After 9 months of interferon and ribavirin treatment, the patient complained of blurred vision and headache. On physical examination, the vitiligo around her forehead and scalp was shown (Fig. 1), but there was no sign of meningeal irritation. Optic fundal examination showed uveitis and retinal edema. Retinal fluorescein angiography (Fig. 2) showed leakage of fluorescein dye from the choroid into the subretinal space. The serous retinal detachment was seen clearly in the right eye from optimal coherence tomography (Fig. 3A). Cerebrospinal fluid examination and the magnetic resonance imaging (MRI) to identify the encephalomeningitis showed no abnormal findings. The level of angiotensin-converting enzyme showed normal range, the erythrocyte sedimentation rate and the C-reactive protein were also normal, and the antinuclear antibody and the rheumatoid factor were negative. She was diagnosed as having incomplete VKH disease, therefore pegylated interferon-α2b and ribavirin were discontinued, and intravenous pulses of methylprednisolone at a dose of 1 g for 3 days, followed by daily oral administration at a dose of 60 mg prednisolone were introduced. After 2 weeks of steroid therapy, her eyesight was getting better, and retinal detachment disappeared (Fig. 3B). Prednisolone was progressively tapered to 10 mg daily during next two months, but relapse occurred. Intravenous pulses of methylprednisolone followed by oral prednisolone were performed. The uveitis and visual acuity improved. While the HCV RNA had not been detected during the treatment of pegylated interferon-α2b and ribavirin, serum HCV RNA level increased to 3.0×107copies/mL after ceasing of interferon based therapy. Oral prednisolone was slowly tapered to 10 mg daily and no relapse occurred.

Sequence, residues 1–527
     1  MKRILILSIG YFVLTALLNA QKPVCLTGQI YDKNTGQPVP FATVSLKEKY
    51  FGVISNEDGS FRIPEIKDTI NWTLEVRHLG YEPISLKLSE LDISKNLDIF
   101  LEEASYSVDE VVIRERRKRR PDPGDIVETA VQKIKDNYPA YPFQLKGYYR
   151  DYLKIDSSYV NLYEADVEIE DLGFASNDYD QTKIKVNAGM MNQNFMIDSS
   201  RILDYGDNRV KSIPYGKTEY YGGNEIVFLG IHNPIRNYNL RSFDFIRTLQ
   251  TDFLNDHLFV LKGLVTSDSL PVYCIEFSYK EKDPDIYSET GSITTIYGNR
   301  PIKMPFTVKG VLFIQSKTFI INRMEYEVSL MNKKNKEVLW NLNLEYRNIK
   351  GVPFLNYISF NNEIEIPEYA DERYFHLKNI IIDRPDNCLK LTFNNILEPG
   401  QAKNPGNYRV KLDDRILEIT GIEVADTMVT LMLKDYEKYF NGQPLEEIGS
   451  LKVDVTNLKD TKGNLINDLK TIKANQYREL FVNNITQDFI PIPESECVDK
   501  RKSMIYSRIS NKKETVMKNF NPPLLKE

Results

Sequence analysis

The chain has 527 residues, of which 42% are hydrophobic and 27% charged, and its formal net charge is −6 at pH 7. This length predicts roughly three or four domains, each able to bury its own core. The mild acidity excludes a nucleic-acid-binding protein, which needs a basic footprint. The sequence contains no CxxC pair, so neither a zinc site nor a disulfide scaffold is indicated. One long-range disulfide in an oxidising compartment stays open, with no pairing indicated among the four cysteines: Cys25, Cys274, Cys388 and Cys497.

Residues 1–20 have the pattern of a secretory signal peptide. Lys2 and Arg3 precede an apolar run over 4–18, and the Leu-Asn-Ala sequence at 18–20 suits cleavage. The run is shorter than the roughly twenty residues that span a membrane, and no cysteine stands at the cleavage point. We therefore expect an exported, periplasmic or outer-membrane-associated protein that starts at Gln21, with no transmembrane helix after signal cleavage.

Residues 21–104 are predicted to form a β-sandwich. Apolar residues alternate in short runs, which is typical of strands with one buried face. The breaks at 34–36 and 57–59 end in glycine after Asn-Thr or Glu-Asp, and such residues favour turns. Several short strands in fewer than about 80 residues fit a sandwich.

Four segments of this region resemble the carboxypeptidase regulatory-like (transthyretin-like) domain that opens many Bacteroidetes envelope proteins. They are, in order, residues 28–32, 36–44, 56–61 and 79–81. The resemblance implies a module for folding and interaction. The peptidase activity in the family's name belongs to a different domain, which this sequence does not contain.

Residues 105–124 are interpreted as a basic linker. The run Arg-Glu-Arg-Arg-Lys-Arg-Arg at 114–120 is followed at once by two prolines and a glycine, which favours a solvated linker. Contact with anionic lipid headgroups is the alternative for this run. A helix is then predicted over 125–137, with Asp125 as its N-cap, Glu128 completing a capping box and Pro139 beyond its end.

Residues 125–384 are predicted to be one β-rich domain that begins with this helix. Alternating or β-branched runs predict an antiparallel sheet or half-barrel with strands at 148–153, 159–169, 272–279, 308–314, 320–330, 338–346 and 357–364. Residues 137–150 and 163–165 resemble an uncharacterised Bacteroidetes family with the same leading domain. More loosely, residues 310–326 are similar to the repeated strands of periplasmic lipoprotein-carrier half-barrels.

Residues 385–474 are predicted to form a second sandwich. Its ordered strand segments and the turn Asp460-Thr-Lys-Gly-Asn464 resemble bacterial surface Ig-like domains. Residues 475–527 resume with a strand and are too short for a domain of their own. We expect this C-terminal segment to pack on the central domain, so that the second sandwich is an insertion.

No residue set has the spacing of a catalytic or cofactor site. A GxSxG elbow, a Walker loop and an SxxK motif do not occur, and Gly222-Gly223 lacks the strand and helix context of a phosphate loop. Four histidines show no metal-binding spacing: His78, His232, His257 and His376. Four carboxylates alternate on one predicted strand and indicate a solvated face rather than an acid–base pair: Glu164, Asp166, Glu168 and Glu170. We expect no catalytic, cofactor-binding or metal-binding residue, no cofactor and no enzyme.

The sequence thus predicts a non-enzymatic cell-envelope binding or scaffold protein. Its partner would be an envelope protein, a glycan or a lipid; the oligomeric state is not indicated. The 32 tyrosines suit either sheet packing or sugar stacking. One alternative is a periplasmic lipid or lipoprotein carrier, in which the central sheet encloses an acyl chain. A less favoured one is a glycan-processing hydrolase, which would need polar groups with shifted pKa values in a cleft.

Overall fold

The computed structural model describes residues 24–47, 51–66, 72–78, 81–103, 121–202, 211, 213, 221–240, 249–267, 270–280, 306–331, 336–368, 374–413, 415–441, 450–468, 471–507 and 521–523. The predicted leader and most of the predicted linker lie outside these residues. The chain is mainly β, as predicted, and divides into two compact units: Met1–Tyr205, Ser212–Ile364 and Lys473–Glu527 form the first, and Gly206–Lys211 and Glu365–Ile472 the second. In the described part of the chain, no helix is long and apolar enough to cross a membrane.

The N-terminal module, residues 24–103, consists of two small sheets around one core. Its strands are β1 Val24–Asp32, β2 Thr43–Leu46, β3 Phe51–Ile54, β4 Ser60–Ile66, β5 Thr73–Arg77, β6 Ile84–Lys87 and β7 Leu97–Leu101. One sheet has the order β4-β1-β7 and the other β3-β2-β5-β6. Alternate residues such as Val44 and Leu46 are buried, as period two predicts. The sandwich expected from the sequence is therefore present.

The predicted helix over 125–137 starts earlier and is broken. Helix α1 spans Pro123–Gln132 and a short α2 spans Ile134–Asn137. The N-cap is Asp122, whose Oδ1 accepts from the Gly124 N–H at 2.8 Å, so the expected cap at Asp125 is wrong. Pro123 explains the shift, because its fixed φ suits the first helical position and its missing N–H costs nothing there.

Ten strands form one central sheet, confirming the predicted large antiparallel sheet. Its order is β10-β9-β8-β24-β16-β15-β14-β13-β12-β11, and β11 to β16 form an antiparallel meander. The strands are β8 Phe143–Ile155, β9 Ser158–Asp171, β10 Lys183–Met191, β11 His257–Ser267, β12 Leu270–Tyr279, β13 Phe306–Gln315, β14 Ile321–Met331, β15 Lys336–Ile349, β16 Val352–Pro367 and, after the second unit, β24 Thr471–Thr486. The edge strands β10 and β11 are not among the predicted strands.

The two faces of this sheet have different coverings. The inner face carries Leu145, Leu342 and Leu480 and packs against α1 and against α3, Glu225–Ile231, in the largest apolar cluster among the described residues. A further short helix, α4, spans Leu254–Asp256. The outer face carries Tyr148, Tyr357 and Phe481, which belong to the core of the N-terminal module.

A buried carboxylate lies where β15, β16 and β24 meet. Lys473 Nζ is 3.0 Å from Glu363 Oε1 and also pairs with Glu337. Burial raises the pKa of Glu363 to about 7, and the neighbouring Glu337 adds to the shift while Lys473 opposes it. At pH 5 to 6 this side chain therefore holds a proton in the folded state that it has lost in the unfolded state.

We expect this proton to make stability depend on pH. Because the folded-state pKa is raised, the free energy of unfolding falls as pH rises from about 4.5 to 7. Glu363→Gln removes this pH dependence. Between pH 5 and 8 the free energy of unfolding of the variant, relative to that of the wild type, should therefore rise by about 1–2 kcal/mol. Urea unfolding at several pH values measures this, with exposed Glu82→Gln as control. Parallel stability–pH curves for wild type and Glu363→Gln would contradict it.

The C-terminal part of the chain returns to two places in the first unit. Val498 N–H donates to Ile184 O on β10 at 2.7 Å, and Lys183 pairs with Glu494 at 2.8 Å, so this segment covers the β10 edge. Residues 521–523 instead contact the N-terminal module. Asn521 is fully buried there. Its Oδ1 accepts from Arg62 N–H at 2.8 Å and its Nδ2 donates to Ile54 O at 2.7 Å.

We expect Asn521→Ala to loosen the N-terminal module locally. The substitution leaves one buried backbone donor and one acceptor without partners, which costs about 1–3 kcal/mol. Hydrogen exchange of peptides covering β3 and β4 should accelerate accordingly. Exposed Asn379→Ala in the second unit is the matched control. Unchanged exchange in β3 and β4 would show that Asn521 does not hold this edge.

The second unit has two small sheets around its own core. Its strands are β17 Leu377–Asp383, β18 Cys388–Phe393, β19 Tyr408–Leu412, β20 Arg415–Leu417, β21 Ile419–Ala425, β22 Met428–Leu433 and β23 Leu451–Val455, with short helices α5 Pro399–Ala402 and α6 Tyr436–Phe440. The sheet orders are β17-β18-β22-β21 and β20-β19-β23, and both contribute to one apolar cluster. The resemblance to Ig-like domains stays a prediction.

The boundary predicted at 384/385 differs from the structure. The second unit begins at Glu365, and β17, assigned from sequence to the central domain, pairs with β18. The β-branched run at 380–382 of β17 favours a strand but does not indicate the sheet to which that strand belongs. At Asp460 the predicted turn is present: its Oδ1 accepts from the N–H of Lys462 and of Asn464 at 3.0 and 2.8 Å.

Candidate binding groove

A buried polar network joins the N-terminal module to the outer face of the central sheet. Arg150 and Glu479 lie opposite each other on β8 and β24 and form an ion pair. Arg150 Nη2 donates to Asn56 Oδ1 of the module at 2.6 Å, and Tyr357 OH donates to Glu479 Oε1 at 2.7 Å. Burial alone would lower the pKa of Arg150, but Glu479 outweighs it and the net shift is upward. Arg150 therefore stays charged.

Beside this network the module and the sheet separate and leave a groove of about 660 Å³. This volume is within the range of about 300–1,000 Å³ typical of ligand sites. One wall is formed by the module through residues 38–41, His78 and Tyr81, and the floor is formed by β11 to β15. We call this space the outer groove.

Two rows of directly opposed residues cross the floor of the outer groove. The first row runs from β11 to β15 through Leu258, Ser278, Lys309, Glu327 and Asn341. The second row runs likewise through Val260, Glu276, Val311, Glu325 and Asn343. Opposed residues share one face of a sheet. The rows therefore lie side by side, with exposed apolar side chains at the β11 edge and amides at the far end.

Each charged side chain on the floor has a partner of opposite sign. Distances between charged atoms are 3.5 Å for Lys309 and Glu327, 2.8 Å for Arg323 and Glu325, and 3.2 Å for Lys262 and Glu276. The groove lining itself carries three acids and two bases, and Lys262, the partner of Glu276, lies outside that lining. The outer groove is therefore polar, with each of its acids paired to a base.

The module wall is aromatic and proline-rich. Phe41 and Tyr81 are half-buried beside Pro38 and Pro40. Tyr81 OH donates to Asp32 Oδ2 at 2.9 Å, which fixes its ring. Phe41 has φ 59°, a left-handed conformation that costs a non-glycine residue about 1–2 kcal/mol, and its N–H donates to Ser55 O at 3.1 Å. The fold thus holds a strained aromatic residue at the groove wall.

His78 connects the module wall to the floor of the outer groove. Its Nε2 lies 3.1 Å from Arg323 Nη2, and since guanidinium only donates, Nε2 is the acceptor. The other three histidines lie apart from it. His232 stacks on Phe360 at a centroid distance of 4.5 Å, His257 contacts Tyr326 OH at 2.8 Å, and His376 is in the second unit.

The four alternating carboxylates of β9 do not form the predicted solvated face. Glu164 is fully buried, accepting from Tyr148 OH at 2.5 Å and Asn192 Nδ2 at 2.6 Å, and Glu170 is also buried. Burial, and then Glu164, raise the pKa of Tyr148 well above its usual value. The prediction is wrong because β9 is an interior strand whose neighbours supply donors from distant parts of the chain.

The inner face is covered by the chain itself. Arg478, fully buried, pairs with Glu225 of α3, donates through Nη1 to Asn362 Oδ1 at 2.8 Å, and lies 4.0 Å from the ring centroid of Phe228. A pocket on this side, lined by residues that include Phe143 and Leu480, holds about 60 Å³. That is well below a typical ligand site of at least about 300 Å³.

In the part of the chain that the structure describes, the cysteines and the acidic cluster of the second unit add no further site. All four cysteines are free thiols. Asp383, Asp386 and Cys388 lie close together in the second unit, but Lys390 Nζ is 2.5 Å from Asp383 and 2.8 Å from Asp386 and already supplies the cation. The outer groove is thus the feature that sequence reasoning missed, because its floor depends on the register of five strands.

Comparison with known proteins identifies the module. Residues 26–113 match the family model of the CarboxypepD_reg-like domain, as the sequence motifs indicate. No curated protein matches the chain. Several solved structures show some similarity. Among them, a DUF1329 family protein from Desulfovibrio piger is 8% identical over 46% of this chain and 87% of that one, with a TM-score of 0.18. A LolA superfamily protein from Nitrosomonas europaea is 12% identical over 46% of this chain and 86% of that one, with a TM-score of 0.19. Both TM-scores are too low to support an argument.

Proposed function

DISCUSSION

Most of ophthalmological complications occurring during interferon therapy are benign, transient, and characterized by interferon-related retinopathy. Incidence of interferon-related retinopathy such as hemorrhage and cotton wool spots vary from 6 to 13%.4 The rate of these complications is reported to be higher in patients with diabetes or hypertension, but is not related with HCV genotypes, platelet counts or types or dose of interferon.5 More than 90% of the retinal diseases during the interferon treatment occur within the first 8 weeks. Therefore, the retinal test must be carefully implemented from the time before interferon treatment to the 8 weeks after initial treatment. Even though it can lead to permanent vision loss without proper treatment in the early stage, most retinal complications were asymptomatic, not associated with impairment of visual acuity, and reversible after discontinuation of interferon therapy.6,7 There are two severe forms of intraocular complications which result in severe visual impairment. The first form is represented by VKH, one of the inflammatory intraocular disorders and the second form is retinal vascular disorders including central retinal arterial/venous occlusion.